More and more research is showing that eating too much sugar makes us fat and destroys our health, and at 22 teaspoons per day, the average American definitely eats too much. If one of your New Year’s Resolutions this year is to lose weight, it’s definitely wise to cut down on the sweet stuff. But even if you’re already at a healthy weight, cutting down on sugar is a good idea, as excess sugar consumption has also been linked to diabetes, heart disease, metabolic problems, and even cancer. Here’s 10 ways to eat less sugar in 2015.
Undestand what sugar does to your body
If you don’t fully understand the devastating impacts that sugar can have, it is time to learn. Not only can excess sugar build up in the liver leading to non-fatty liver disease, but it can also cause insulin resistance, obesity, depression and inflammation.
Give up sweetened drinks
Soda is only the beginning; you also need to cut out non-fresh juice, sweet tea, lemonade, punch—any beverage with added sugar. Just because it has a picture of a fruit on it does not mean it doesn’t have added sugar!
It’s shocking how many packaged foods contain sugar—even foods that aren’t supposed to be sweet! Packaged bread, canned soup, bouillon packets, spaghetti sauce, salad dressing, crackers, cereal…you name it! All these and more might contain sugar. Always check labels so you know what you’re really consuming.
Cut down on processed and packaged foods
Since sugar is hidden in a lot of packaged foods, cooking your own food naturally decreases the amount of sugar you consume. When you make meals and desserts yourself and actually see how much sugar you’re using, you’re less likely to want as much.
Familiarize yourself with sugar’s many code names
Just because it doesn’t say ‘sugar’ on the ingredients list doesn’t mean it’s not in there. Keep an eye out for the following terms: high fructose corn syrup, corn syrup, maltose, fructose, dextrose, honey, molasses, agave, brown rice syrup, cane sugar, cane syrup, evaporated cane juice. Although some of these are ‘healthier’ than sugar in the sense that they’re less refined, in the end, eating 22 tsp. per day of honey is probably not that much better for you than eating the equivalent amount of white sugar, so try to cut down your intake of sugar substitutes as well.
Eat more naturally sweet foods
When we talk about reducing our sugar intake, we’re talking about reducing our added sugar intake, not the sweetness associated with, for example, fruits. If you’re used to having a sweet dessert at night, replace it with some fruit and plain yogurt or coconut milk.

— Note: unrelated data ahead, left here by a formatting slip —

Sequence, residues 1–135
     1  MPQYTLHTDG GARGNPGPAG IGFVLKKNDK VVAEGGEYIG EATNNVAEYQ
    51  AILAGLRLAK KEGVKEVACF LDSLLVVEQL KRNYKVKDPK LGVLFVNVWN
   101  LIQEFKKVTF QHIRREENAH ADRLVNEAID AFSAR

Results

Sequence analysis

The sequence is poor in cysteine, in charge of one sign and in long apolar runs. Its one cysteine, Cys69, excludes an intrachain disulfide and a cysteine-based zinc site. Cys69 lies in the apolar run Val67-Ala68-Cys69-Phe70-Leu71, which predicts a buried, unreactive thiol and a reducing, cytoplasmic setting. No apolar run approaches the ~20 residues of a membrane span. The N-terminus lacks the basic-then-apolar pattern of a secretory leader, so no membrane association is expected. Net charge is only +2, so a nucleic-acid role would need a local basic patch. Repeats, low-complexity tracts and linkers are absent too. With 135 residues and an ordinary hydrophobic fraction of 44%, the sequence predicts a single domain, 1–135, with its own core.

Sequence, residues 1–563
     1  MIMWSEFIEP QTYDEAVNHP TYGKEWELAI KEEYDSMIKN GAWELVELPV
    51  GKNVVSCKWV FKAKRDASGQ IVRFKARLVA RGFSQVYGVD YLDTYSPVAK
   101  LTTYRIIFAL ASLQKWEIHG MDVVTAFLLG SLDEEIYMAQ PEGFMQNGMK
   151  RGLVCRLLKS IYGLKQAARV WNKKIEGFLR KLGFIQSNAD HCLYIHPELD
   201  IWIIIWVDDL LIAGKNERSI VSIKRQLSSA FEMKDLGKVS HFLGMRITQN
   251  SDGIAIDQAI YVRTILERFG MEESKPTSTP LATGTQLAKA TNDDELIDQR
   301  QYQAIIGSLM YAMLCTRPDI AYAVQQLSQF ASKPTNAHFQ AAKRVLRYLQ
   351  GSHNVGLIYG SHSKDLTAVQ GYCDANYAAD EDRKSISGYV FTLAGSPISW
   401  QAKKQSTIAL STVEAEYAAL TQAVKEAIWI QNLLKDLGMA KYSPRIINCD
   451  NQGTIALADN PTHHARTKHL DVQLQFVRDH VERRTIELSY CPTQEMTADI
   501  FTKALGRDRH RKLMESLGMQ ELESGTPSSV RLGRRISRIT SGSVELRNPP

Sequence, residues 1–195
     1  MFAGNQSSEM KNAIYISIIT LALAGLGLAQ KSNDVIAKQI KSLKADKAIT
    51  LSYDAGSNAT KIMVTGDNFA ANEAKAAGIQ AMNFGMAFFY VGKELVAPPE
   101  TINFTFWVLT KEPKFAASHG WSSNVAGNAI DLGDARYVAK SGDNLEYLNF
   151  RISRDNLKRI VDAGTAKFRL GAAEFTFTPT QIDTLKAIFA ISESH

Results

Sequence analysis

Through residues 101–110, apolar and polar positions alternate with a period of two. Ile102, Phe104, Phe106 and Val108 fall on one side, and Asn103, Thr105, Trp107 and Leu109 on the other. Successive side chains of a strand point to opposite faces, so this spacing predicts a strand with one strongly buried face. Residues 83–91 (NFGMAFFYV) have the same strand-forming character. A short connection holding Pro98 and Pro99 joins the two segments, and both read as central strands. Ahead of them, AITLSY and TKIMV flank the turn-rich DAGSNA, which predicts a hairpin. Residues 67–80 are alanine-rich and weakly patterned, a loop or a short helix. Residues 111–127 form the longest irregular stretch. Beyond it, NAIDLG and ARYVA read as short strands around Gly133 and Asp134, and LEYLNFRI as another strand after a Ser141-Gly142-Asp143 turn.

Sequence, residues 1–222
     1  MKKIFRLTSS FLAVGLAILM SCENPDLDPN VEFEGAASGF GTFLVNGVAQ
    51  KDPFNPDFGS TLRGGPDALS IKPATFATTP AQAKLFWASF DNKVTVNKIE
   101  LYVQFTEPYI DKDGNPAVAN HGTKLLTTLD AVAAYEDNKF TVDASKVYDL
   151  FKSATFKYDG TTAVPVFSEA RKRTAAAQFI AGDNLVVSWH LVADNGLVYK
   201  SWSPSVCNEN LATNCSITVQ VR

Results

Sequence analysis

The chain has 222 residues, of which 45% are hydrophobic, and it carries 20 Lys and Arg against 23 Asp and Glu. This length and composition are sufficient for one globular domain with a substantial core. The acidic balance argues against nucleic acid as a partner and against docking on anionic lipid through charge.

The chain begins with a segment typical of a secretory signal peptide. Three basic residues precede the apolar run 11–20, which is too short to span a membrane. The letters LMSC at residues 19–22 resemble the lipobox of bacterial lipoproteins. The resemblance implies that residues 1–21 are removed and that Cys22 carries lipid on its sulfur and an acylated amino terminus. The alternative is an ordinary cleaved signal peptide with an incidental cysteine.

Snack on foods high in fat and protein throughout the day
Foods with fat and protein take longer to digest, keep you satisfied longer, and don’t cause spikes in blood sugar. Fruit with nut butter, a hard boiled egg, tuna salad with olive oil or plain Greek yogurt are all examples of snacks that can prevent cravings later on.
Being sleep deprived leads to cravings for sweet, high calorie foods, as your body wants to regain the energy it should be getting through sleep. Get 7-9 hours per night to avoid this!
Eat enough before you go somewhere with many sweet treats
Being hungry at the supermarket can ruin even the best intentions. Eating a complete meal of protein, fat, and complex carbohydrates like vegetables beforehand will keep you satisfied and help you make healthy choices when you’re grocery shopping, out to eat with friends, or when your boss brings in donuts to work.
Avoid Low Fat Products Entirely
Although usually marketed as a healthier option, these products are usually filled with sugar to make up for the fact that all flavor is lost when the fat is removed. Eat full fat, unsweetened products instead.
Understand how much is too much
Most of us eat enough sugar in a day without knowing it but do you know how much is too much? The American Heart Association tells us that women should consume no more than six teaspoons ( 25 grams) of sugar a day and men nine ( 38 grams). That can add up pretty quickly so it takes effort to keep track.
Mentally Prepare Yourself
Sugar is addictive, and it’s had most of us hooked for years. Like any addiction, it takes time, discipline, and support for those around you to completely break it. Remember to be patient and compassionate with yourself as you undergo this lifestyle change.
Your relationship with sugar hasn’t been created in a week, and totally breaking the habit will also take longer than this. But here’s the good news: over time, as you continue reducing your sugar intake, the benefits you experience will be enough to keep you on track!
-The Alternative Daily